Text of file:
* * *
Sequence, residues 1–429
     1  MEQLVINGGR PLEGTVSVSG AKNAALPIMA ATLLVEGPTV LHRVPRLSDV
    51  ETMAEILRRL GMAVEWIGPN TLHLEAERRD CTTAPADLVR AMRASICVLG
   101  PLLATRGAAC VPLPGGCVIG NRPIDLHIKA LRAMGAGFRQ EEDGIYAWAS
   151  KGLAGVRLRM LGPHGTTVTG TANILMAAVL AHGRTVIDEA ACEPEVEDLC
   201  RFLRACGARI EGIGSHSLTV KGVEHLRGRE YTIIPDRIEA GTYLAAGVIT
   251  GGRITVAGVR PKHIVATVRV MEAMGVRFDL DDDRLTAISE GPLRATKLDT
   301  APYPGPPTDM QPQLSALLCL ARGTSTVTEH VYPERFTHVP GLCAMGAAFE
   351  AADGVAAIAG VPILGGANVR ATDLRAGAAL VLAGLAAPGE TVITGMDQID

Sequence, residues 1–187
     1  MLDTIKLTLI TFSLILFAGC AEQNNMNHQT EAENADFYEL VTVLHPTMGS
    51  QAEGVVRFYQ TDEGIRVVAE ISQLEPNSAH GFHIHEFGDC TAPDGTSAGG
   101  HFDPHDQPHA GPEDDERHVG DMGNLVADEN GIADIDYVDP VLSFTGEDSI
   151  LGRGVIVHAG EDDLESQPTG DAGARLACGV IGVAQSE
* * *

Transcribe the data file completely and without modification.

Sequence, residues 1–429
     1  MEQLVINGGR PLEGTVSVSG AKNAALPIMA ATLLVEGPTV LHRVPRLSDV
    51  ETMAEILRRL GMAVEWIGPN TLHLEAERRD CTTAPADLVR AMRASICVLG
   101  PLLATRGAAC VPLPGGCVIG NRPIDLHIKA LRAMGAGFRQ EEDGIYAWAS
   151  KGLAGVRLRM LGPHGTTVTG TANILMAAVL AHGRTVIDEA ACEPEVEDLC
   201  RFLRACGARI EGIGSHSLTV KGVEHLRGRE YTIIPDRIEA GTYLAAGVIT
   251  GGRITVAGVR PKHIVATVRV MEAMGVRFDL DDDRLTAISE GPLRATKLDT
   301  APYPGPPTDM QPQLSALLCL ARGTSTVTEH VYPERFTHVP GLCAMGAAFE
   351  AADGVAAIAG VPILGGANVR ATDLRAGAAL VLAGLAAPGE TVITGMDQID

Sequence, residues 1–187
     1  MLDTIKLTLI TFSLILFAGC AEQNNMNHQT EAENADFYEL VTVLHPTMGS
    51  QAEGVVRFYQ TDEGIRVVAE ISQLEPNSAH GFHIHEFGDC TAPDGTSAGG
   101  HFDPHDQPHA GPEDDERHVG DMGNLVADEN GIADIDYVDP VLSFTGEDSI
   151  LGRGVIVHAG EDDLESQPTG DAGARLACGV IGVAQSE